The lenders (social investor) rationale is that Kiva is transparent (know where it goes), sustainable (if repaid, money can be lent to someone else), affordable ($25 to change someone’s life), and unique (“I love microfinance, I want to participate”). For the microfinance institution, Kiva offers a low interest US dollar capital, no liability, flexible repayment terms, and financial assistance + incentives for transparency. 100% of loan funds go directly to the borrowers.

Kiva checks out (verify) the MFIs and the MFIs in turn check out the borrowers. The MFI charges 20% interest rate to cover distribution costs, and they bear currency ris as well when converting from US dollars to local currency and back during repayment period. In the future Premal hopes they can establish credit histories for individuals and bypass this intermediate layer completely. Kiva uses random sampling to audit and check on the MFIs for fraud.  

Unlike traditional microfinance where borrowers are organized into groups who are accountable to each other, social accountability is created via the Internet. Borrowers’ profiles are made visible on the Internet, and is therefore visible online to locals who watch each other at Internet kiosks/cafes. 

Capital. Internet users are willing to bear greater risk than banks probably due to the “personal connection.” People don’t want (need) to lend with interest, whereas banks have to when they are working with MFIs.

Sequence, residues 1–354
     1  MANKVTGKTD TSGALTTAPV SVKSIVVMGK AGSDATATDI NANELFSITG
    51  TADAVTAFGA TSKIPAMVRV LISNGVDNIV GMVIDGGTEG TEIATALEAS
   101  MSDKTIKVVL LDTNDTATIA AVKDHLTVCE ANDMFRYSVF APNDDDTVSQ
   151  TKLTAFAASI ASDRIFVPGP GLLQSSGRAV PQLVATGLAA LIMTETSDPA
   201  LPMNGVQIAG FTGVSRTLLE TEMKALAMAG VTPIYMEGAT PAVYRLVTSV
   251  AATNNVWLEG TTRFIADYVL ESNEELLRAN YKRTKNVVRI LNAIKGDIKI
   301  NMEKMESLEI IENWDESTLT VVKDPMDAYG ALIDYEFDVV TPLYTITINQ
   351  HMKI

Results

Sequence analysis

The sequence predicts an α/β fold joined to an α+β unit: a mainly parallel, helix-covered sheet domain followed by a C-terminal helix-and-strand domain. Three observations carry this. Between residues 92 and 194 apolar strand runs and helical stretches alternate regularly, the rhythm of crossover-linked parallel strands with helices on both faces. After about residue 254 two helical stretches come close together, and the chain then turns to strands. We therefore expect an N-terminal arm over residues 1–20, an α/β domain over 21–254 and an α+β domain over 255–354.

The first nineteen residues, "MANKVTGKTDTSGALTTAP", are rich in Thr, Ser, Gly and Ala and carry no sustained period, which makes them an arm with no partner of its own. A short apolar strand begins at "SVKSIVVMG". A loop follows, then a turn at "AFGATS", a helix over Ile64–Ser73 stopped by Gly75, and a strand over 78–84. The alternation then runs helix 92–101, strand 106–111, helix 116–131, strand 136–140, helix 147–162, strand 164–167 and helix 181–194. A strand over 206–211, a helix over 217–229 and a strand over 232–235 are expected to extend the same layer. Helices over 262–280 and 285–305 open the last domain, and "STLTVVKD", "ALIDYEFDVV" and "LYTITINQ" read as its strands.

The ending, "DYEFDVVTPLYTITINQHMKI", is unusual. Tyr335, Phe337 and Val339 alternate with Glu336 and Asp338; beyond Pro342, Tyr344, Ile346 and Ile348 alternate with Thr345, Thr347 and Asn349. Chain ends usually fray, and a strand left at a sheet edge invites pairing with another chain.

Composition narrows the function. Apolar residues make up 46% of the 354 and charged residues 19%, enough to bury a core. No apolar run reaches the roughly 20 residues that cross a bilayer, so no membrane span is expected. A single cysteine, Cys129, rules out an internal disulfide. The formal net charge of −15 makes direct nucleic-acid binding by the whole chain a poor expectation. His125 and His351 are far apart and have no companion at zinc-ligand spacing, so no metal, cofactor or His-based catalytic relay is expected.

Operating Principles. “Unreliable credit is OK, but unreliable data is not OK.” Each lender gets a “portfolio” of people who they lend to, much like a stock portfolio on Etrade. Loans in this model create a “persistent tie” between the people across the world with journal updates. The accountability is simple. If you are getting repaid, something is working. If you don’t get repayed, something is not working. MFIs report repayment rates of 99.7% but Premal believes that’s skewed to report better than actual results because the MFIs don’t want to discourage Kiva. He believes the actual repayment rate is over 90%. There is a “Risk & Due Diligence Center” on the website. 

Diversification. I asked what types of different activities and market opportunities are being funded, epecially outside agriculture. He said he doesn’t know for sure, but says that agricultural opportunities are the dominant activity being funded. In addition, there appears to be a slight lender bias. For example, the most popular kind of loan that gets funded by lenders is African female farmer, and the least popular is an Eastern European male taxi driver. He questions whether or not that is economically rational, but says that’s what it is right now. In 3Q 2008 they plan to open up APIs so researchers can download and analyze the loan data from their website to gain further insights. 

Organization. Kiva.org is 25 people and operates on very low overhead thanks to cooperation and donations from several silicon valley companies. For example PayPal gives free payment processing. Google offers free AdWords traffic.